The Koreshan Unity Collection: An Inside Look into Processing a Large Archival Collection
What – or who – could convince over 200 individuals to exchange their comfortable lives for a celibate religious communal settlement in a remote corner of southwest Florida?
As we continue processing the papers of the Koreshan Unity, supported in part by grant funding from the National Historical Publications and Records Commission (NHPRC), we learn more about the early members of this fascinating movement and its charismatic founder, Dr. Cyrus Teed.
A Utica, New York physician with interests in alchemy, physics and metaphysics, Teed conceived what would become known as Koreshanity in 1869 after experiencing a late-night religious vision in his laboratory. During what he called his “illumination,” he saw a beautiful woman who revealed to him a series of universal truths which formed the fundamental principles of Koreshan belief (more on this in future posts). We can never be certain whether Teed’s experience followed being knocked unconscious by an electrical shock, as some say, or a period of intense meditation, as others say.
Following his illumination, Teed began writing and speaking about his beliefs. He joined a Shaker community in 1878, then in 1880 founded a communal settlement in Moravia, New York. The community failed, as did a subsequent attempt in New York City. Teed’s persuasive oratory finally enabled him to assemble a firm core of followers in Chicago in the late 1880s, incorporating his organization there as the College of Life in 1886. Teed assumed the name Koresh in 1891 and, a few years later, began moving his followers to Estero, Florida, where he intended to establish the “New Jerusalem.”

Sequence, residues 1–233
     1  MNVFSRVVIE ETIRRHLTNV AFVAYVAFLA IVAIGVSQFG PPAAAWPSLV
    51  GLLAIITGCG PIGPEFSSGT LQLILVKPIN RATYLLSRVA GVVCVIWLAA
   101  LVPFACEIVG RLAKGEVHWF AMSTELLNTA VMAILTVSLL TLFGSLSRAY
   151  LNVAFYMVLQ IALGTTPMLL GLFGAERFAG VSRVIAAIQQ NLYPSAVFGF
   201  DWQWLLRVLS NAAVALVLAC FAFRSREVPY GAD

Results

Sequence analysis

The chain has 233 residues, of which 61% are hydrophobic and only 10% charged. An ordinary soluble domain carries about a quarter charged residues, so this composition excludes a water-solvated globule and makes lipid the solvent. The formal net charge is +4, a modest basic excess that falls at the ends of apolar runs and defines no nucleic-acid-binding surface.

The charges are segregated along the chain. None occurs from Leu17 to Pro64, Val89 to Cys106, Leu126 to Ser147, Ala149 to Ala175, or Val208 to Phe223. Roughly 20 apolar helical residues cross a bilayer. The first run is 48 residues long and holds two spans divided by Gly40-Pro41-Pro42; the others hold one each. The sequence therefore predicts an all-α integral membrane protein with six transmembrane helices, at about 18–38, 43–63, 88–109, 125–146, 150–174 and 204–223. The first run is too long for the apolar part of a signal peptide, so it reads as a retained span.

Excerpt from Teed’s journal noting Washington D.C. trip in 1896
As the Koreshan community grew and flourished in the early 1900s, tensions arose between the Unity and politicians and citizens of nearby Fort Myers, leading to a brawl on October 13, 1906, in which Teed was hit in the head and face several times. His health declined quickly following the fight, and he died on December 22, 1908.
Reincarnation was one of the truths revealed during Teed’s illumination nearly 40 years earlier, and he and his followers expected that his death (and theirs) would be followed by physical resurrection and immortality. Among the thousands of photographic images in the Koreshan Unity collection are several glass negatives of the deceased Teed in the bath tub into which his followers placed him as they awaited his resurrection until, a week later, the Lee County health officer finally ordered the dismayed followers to bury the body.
In a final sad twist, the mausoleum in which Teed was finally buried washed to sea during an October 1921 hurricane; the body was never found.
Recounting of the Ft. Meyers brawl in the Unity’s newspaper, The American Eagle
[UPDATED: Page 2]
Recounting of the Ft. Meyers brawl in the Unity’s newspaper, The American Eagle (page 2)